For you light duty techies like me, a megawatt is a million watts or enough for ten thousand 100 watt lightbulbs.  To compute the amount of electricity generated time is a factor as is the average RPM.  The maximum rating of the machine may be the average production expected over 1 year, but I can’t tell you for sure, I’m too long removed from that business now.

Back in the mid 1980s when I was involved with the emerging wind energy business an average windmill had a 25 or 50 horsepower generator in it.  Later some of them grew to hold 100 horsepower.  A few 25 or 50 hp motors could fit in the back of a small stake bed truck.  These pods (no blades) are shipped 1 to a tractor & single drop trailer!  Each blade, if shipped complete, takes a tractor & a single extended trailer.  The larger blades take multiple trailers.  Back then the towers might be 50-75 feet tall.  These things are a whole lot larger now.  Currently, the U.S. has about 50 gigawatts capacity of wind energy machines installed.

If I recall correctly the generator will have a maximum RPM and perhaps a governor.  The governor is necessary because with the longer blades you don’t want the tips going faster than the speed of sound.  This is particularly important with the largest machines which are usually offshore.  These are 4 MW behemoths or greater and are up to 600 feet tall.  If the blade tip speed passes the sound barrier then the stresses on the blades and perhaps the bearings in the generator become too great and the machine will start to tear itself apart.

 

Later that afternoon we bade Oklahoma goodbye and crossed into the Texas panhandle where Oklahoma 33 turns into Texas 33.  I shot a photo of coming into Texas, then walked across the highway to get the Oklahoma sign.

A few miles into the panhandle we started seeing small oil storage tanks every few hundred yards.  Energy recovery is a big business there.  We also saw this abandoned farm.  I immediately thought of my friend Tony who has issued some calendars featuring abandoned farms in the Dakotas.  My apologies to Tony because we drove right by only pausing for a few photos from the road.  I didn’t even think of driving up to the buildings and getting some close ups.  That’s probably why Tony is a pro and I’m happy being an amateur.

This place marked my last group of shots for the day.  We started the day in Lawton, Oklahoma.  We ended the day in Tucumcari, New Mexico well after dark.  Our indirect route covered about 400 miles and had lots of photos.

 

Now I’m going to have a little fun with those of you who are still with me.  This next part of the post is photo experimentation.

This is the basic digital starting file of the abandoned house on Texas 33 for the photos below.  I am using the 105mm setting of my 24-105mm lens with an f/22 aperture at 1/400th of a second exposure.  The camera is at ISO 640.  I crop the file to make the subject look larger in the remaining frame.  The original file out of the camera showed up as 30.6 MB raw on the computer.  After cropping it was still over 14 MB raw.  Once saved in Photoshop PSD format the file is still 44.2 MB.  All of the black & whites below use this as the basic digital starting point.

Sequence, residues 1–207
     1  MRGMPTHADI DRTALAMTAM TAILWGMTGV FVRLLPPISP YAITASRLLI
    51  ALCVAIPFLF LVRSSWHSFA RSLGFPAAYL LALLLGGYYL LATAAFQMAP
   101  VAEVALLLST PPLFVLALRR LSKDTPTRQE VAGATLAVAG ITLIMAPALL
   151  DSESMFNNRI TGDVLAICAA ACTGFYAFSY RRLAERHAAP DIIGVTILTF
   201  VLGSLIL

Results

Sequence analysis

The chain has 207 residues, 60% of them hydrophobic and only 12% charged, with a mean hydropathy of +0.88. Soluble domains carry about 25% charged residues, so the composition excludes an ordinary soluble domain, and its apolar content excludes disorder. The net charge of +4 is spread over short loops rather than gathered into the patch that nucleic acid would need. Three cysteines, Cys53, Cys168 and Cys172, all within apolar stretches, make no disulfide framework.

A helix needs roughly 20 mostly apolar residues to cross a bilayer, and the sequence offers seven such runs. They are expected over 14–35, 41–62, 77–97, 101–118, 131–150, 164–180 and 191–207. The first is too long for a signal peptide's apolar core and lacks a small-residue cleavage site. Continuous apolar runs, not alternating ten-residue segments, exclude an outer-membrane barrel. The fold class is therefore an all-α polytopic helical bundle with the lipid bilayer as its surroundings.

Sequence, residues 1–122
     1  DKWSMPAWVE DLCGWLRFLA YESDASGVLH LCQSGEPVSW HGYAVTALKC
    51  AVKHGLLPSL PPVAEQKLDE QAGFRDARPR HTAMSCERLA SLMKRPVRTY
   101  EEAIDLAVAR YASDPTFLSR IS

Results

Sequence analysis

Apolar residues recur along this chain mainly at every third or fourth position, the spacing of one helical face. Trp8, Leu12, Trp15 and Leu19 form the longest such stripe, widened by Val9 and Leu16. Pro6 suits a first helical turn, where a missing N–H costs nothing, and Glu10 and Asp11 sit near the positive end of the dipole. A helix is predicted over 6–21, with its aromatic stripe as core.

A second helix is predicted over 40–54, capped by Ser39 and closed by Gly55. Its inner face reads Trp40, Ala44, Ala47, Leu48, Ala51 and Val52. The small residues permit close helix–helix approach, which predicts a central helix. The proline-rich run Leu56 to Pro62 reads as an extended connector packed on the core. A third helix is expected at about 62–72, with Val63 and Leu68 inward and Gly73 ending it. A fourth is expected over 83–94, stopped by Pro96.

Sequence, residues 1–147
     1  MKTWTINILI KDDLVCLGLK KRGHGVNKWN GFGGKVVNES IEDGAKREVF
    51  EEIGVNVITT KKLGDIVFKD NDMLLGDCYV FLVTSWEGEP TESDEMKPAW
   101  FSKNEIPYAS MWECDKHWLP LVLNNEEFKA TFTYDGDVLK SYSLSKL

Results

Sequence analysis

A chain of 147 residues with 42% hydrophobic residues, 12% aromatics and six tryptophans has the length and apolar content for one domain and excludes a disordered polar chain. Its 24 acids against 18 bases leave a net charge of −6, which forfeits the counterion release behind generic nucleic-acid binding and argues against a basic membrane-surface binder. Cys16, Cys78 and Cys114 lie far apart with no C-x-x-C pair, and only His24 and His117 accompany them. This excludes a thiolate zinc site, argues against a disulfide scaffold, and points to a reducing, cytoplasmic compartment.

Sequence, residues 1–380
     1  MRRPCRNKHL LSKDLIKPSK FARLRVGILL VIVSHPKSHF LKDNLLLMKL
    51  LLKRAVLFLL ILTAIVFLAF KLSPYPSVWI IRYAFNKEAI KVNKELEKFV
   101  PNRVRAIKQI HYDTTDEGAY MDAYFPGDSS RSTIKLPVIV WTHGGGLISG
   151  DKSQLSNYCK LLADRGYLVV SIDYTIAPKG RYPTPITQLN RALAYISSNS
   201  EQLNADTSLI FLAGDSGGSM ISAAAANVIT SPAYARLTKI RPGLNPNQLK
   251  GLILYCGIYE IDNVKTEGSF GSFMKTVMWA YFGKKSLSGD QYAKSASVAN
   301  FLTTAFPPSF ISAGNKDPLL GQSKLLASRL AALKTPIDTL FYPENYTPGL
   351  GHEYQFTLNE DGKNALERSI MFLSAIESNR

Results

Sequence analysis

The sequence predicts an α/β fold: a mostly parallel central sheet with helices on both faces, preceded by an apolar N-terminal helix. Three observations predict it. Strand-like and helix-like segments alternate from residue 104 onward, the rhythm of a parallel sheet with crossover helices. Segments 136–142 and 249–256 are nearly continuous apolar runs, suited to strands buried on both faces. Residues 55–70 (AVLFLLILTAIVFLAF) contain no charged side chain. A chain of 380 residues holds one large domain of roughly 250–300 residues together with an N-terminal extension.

Now I turn it into black & white and add some effects.

This one is made into B&W within Photoshop entirely.  Under Image/Adjustments/Channel Mixer I click the Monochrome box.  Still in the same place I change the Source Channels.  Red gets a +150 value.  Green gets a +140 value.  Blue gets a -190 value.  The total is 100 as it should be.  I learned this from a book where the author called it the “Ansel Adams Effect”.  Sometimes it is useful, but most often it is not.  The effect here is very dramatic, but very harsh, especially in the grass in the foreground.

All the rest of the photos below are converted to B&W using Nik Silver Efex Pro 2 operating from within Photoshop. Remember, all of this is done digitally!  After opening the file in Silver Efex Pro 2 a graduated neutral density filter effect rated -1 stop is added over the file then a red filter effect is also added.  It makes for a nice dramatic shot that seems to me to be better balanced than the one above.

 

This next one uses the Film Noir effect with a red filter overlay.  The overall photo is still dramatic.  The foreground is not as harshly washed out as the first example and the vignette seems to enhance the subject.

 

This one uses the Antique 1 effect with a red filter overlay.  In case you haven’t figured it out yet, I like dramatic skies.

 

This is the last one.  It has a Graduated Neutral Density -2 effect with a yellow color filter on it.  I chose yellow instead of red because it makes for a slightly lighter, but still dramatic sky.  Next I bring the file back into Photoshop to archive the changes.  Finally the file goes back into Silver Efex Pro 2 and their Yellowed II effect is added.

I could go on with more changes, but I won’t.  I didn’t like the Sepia tones I got on this computer screen so that killed a few experiments.  As to which one you like best, that is up to you.  I tend to like this last one best, but I still like them all. If I ever get enough time at home I’ll see what this last file looks like as a print.

 

The next posts will be from New Mexico shot on Nov 1.  A few will be déjà vu photos, a few will be landscapes.